A comment on another style I have not seen before from one of our viewers: “Just recently I was in the Mask Museum in Belgium and they considered puppets a kind of masks. I was surprised but got convinced by their definition, so now I agree on considering the Burka a kind of mask too. There are other types of hijabs that more resemble masks, like the Battoula in some Arab states: https://en.wikipedia.org/wiki/Battoulah.”  Rey

  • Africa,  Misc

    Ancient Egyptian wood mask

    Probably older than 1000 BC, this beautifully carved face mask comes from the inner coffin of a large ancient Egyptian sarcophagus. It would have been painted over with a layer of gesso and linen. All of this is long gone because of poor conditions in the tomb where it was buried. Very nicely mounted and photographed. Sometimes great aging can be very appealing. What I don’t like to see is masks that have been artificially aged to fool the collecting market.  1365

  • Misc

    Real masks vs. decorative carvings

    Q: I received this mask from a friend who found it, essentially in the garbage, while doing demolition work after a large flood. It is approximately 30″ x 12″ at the widest part. I have a general interest in artifacts from different parts of the world, particularly West Africa and Latin America (Amazonia in particular). Mike, 1358 A:  Quite a few decorative carvings come to me for identification each month. Yours is one of the more attractive ones, so I decided to make an exception and post a non-mask. People with little knowledge of tribal art enjoy them, but our viewers are collectors who avoid tourist souvenirs in favor of…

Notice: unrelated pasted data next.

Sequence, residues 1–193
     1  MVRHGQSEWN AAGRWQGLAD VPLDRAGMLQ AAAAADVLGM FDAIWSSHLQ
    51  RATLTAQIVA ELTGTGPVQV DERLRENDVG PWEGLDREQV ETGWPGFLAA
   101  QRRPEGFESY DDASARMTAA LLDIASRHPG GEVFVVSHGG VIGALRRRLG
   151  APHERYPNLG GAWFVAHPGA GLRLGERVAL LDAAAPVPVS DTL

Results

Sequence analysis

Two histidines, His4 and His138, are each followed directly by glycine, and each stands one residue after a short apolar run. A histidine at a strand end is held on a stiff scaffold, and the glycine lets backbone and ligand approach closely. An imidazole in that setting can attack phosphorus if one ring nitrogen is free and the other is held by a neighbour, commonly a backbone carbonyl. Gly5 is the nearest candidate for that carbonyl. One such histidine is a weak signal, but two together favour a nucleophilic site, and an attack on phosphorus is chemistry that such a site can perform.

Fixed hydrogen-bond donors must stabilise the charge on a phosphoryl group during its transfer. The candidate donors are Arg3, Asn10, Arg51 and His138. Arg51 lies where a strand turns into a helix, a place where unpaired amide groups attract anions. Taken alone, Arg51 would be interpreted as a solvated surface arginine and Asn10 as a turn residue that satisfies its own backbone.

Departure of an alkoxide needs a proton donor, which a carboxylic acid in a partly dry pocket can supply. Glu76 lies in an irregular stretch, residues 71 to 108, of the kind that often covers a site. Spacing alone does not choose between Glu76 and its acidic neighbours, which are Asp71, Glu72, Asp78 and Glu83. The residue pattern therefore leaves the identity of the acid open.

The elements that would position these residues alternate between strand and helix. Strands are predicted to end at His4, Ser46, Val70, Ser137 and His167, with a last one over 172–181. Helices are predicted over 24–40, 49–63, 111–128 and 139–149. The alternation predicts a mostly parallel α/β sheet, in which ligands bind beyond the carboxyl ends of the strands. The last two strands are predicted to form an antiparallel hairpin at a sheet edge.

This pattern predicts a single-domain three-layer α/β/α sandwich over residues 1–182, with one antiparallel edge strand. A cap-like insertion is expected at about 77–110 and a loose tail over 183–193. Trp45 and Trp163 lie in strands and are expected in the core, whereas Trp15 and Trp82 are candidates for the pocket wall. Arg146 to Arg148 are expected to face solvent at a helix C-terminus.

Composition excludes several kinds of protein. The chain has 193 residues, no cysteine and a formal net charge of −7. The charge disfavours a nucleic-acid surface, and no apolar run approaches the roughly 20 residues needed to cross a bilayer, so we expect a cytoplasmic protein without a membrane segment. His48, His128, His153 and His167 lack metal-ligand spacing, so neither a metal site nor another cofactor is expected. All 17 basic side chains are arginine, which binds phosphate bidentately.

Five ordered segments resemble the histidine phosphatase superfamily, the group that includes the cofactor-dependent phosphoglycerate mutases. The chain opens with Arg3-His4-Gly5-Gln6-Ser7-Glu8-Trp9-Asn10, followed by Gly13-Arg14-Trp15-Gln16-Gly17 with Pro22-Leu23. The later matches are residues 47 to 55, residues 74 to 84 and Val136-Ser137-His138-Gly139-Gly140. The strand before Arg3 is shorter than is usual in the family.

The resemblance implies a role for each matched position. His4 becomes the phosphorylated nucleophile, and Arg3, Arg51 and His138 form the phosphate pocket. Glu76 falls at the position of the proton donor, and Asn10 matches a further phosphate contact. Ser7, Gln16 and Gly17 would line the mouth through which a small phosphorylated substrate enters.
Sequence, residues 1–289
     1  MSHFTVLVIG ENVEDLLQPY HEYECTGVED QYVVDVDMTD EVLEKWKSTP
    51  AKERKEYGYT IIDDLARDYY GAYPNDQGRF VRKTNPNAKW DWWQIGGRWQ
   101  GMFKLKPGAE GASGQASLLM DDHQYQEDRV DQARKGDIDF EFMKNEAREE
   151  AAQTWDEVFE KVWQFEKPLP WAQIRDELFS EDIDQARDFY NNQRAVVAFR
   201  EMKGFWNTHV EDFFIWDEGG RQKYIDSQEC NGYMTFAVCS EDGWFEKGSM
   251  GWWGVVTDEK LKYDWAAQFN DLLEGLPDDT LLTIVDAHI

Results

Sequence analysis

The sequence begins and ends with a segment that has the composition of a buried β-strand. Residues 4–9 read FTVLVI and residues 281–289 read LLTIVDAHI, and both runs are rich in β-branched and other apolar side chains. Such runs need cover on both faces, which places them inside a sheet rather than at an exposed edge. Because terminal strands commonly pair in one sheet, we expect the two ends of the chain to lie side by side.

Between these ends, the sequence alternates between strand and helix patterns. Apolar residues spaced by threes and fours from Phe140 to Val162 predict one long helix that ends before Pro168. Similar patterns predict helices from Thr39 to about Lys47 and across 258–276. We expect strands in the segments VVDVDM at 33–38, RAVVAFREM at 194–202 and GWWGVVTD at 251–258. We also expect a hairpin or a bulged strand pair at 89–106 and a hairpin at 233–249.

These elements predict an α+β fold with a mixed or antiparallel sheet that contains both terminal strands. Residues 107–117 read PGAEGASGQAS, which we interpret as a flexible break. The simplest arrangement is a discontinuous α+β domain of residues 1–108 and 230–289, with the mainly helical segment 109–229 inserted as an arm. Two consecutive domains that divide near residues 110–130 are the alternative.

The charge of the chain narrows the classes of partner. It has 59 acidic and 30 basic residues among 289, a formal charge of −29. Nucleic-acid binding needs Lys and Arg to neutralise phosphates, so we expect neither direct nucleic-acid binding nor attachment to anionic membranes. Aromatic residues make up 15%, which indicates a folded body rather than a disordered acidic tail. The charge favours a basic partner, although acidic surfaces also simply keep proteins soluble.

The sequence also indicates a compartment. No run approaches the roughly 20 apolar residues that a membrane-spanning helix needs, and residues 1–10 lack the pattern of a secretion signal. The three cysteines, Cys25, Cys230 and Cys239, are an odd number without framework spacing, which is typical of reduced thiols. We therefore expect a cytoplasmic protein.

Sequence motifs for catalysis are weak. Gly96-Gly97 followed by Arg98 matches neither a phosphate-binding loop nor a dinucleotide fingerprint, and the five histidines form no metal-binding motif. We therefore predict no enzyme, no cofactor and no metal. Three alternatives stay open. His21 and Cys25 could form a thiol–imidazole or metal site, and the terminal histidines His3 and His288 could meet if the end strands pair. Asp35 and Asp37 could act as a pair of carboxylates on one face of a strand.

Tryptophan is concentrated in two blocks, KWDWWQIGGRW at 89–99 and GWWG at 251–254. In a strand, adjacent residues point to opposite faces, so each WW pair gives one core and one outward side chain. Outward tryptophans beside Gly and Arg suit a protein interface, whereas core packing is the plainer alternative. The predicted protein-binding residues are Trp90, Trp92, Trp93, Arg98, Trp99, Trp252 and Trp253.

• Misc

    Prehistoric clay masks

    The first is a Domen period mask from Nagano, Japan. The smaller photo shows a prehistoric clay mask dug up in Turkey. There is also a stone mask from the Middle East shown on page 203 of our book, Masks of the World, that is thought to be over 9000 years old. The tradition of masquerade goes far back in the history of mankind.